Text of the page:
Male Cross-Dressing and Relationships
For a male cross-dresser, the desire to wear women’s clothes and take on a female persona often brings forth a mixed set of emotions. On one hand, it can be deeply refreshing and relaxing to escape into the feminine side of oneself, which may include female clothes, make-up, or other taking on any perceived feminine activity or identity. Yet, this sometimes comes with a price of feeling shamed or guilty since it is contrary to society’s stereotypical view of what a male should be. For some men, crossdressing or the desire to crossdress, has been a long held secret struggle, resulting in symptoms such as shame, depression and frustration. If married to an unknowing or unapproving spouse or partner, things can be even more stressful. There can be a fear of unwillingly hurting one’s spouse by being honest about one’s crossdressing feelings, and there is the fear of being abandoned if she disapproves. Yet, at the same time, crossdressing can feel very natural, bring feelings of comfort, relaxation and peace. A potentially confusing dilemma!
Spouses and partners of crossdressers may have their own challenges in dealing with crossdressing. For a partners suddenly faced with this issue for the first time, cross-dressing is potentially a Pandora’s box for confusing and troubling issues. Shock, fear, denial, anger, and questioning the viability of the relationship are often initial responses. Spouses often question the partners sexuality and question, “What else is he not telling me?” They may wonder if their partner is gay or if he “wants to be a woman full-time”. (The facts are that crossdressers are predominantly heterosexual men, and they don’t want to be “in fem” full-time.) It can be difficult for the spouse who feels she has no one to talk to for fear they both will be criticized and judged by others. In addition, there can be resentment of the time, money and energy that goes into crossdressing. Spouses can feel a wide range of emotions, feeling confused and overwhelmed, not knowing the effect it will have on their relationship and where to turn for information and support.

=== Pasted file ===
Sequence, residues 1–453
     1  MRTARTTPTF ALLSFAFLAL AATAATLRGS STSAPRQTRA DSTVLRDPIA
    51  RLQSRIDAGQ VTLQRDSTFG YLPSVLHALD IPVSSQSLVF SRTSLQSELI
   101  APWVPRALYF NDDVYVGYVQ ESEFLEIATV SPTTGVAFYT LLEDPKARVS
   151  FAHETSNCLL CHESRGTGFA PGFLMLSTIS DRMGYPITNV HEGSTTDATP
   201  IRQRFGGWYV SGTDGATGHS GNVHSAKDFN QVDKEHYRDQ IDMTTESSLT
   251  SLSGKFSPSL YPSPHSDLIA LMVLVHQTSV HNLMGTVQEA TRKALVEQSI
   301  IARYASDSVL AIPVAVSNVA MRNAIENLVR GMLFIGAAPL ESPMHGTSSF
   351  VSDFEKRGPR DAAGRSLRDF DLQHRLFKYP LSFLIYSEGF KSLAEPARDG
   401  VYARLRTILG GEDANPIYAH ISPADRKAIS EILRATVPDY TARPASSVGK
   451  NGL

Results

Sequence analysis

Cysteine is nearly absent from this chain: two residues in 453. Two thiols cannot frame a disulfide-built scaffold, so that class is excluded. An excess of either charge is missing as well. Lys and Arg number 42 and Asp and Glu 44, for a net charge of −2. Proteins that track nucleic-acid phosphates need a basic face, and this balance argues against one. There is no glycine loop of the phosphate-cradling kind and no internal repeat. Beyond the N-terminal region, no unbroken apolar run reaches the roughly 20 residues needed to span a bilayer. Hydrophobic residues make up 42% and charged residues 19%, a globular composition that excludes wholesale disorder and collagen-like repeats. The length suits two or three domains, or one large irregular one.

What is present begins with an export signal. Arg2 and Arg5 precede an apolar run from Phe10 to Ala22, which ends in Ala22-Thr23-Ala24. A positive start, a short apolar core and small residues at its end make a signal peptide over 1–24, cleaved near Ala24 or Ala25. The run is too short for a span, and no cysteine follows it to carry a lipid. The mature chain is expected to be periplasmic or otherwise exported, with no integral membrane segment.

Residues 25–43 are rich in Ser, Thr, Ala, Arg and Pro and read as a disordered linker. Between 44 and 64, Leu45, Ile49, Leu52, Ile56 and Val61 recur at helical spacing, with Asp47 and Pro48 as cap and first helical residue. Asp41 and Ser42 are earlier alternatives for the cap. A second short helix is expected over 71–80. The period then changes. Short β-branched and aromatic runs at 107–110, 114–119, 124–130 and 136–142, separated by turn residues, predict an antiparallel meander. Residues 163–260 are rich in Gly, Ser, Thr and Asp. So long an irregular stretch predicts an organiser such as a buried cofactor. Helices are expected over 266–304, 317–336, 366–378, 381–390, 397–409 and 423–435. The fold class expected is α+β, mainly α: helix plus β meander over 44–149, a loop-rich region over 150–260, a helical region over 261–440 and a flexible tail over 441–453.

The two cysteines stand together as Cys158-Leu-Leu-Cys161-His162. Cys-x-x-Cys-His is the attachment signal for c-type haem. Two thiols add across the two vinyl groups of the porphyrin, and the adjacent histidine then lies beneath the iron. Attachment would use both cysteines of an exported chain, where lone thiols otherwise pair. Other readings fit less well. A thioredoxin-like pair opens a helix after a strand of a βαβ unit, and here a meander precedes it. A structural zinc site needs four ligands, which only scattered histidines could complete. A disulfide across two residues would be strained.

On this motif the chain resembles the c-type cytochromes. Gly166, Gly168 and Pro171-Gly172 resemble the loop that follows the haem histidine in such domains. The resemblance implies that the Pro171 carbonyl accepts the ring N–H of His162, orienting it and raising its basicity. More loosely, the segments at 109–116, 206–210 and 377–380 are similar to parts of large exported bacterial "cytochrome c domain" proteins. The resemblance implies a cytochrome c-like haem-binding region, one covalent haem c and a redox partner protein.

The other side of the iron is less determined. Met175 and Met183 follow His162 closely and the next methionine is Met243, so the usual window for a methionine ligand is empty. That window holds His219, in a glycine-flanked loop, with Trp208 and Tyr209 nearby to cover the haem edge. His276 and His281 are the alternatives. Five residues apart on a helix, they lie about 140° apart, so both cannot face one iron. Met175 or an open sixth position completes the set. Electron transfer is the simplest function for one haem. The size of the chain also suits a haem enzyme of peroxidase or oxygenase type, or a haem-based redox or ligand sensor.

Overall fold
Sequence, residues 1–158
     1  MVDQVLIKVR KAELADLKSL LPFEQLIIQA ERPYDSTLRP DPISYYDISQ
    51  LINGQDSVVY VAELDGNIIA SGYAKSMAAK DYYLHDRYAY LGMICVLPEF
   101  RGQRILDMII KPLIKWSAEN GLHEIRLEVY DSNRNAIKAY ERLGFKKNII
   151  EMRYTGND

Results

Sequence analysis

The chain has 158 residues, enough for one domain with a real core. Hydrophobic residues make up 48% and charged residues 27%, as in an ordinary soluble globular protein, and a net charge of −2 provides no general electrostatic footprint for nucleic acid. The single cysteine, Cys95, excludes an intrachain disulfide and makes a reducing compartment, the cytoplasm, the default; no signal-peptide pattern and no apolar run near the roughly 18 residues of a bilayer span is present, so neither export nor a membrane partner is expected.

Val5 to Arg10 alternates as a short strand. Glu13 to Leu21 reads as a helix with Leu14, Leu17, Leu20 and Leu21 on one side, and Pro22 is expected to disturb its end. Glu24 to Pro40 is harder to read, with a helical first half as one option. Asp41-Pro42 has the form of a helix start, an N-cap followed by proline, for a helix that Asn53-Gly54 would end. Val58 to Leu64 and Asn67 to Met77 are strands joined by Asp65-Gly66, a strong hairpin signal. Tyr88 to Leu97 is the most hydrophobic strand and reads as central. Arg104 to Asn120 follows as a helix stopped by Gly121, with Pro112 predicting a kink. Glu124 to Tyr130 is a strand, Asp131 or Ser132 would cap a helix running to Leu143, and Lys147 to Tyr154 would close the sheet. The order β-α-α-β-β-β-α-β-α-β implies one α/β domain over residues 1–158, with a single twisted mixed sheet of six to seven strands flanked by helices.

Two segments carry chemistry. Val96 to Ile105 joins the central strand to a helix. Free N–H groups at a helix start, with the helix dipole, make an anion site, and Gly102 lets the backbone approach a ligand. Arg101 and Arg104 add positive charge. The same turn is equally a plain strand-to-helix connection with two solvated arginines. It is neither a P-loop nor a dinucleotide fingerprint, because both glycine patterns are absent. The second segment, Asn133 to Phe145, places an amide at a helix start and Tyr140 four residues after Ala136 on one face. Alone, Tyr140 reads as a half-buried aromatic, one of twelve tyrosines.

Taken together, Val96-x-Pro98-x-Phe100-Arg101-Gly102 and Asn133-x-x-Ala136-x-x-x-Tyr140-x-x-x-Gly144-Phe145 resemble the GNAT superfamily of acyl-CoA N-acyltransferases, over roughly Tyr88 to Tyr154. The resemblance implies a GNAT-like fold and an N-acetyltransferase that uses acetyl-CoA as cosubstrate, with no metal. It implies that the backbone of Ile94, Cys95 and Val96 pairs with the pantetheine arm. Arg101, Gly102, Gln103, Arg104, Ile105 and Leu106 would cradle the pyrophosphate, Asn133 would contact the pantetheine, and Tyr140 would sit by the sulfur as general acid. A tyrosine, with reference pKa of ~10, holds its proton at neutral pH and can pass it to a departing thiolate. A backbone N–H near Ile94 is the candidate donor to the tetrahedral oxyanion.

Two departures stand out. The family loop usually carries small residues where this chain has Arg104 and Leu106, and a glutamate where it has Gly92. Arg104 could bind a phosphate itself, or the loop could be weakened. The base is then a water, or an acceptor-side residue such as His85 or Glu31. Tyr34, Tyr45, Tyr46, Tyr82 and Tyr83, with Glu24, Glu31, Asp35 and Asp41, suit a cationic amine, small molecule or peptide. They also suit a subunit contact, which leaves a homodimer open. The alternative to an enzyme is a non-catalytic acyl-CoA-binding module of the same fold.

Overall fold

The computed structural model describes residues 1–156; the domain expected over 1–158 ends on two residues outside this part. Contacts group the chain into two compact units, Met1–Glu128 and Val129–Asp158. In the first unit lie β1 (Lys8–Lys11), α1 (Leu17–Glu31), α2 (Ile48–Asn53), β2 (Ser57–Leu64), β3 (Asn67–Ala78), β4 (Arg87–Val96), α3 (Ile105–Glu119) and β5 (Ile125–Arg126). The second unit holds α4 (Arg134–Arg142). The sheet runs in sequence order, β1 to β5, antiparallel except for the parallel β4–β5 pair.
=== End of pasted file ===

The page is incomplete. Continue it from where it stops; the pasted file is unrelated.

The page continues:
How I Can Help
Psychotherapy will not make the desire to wear women’s clothes and adopt a female persona go away, but it can help crossdressers work through any issues that may sabotage positive self-esteem and resolve issues affected by crossdressing. The goal is to reach a positive sense of self with acceptance, approval, self-respect and the ability to thrive. Therapy provides a confidential place for partners to be heard and validated by each other, set guidelines for the relationship, and to promote respect and a deeper appreciation for each others wants, needs, concerns and boundaries. Crossdressing is workable in a relationship or marriage when both people are willing to compromise and there is a mutual desire to make things work. Couples that make decisions on working and learning to cope together, often strengthen the relationship with a greater capacity for intimacy and passion.
Houston Chronicle Newspaper – “Male Cross Dressers Admit Self-Expression Can be Risky”, Allan Turner Editorial
“Ask Denise”– Questions and Answers Column. The Mirror– Summer edition 2006
Houston Tau Chi Chapter – Support and Social Group for Crossdressers & Spouses/Partners.
Tau Chi provides monthly meetings, dinners, various social events, activities and outings for crossdressers. Monthly dinner meetings include presentations by make-up artists, hair specialists, psychotherapists, etc. See newsletter for events and calendar.
For a list of the current Transgender Support Groups in Houston, Texas go to: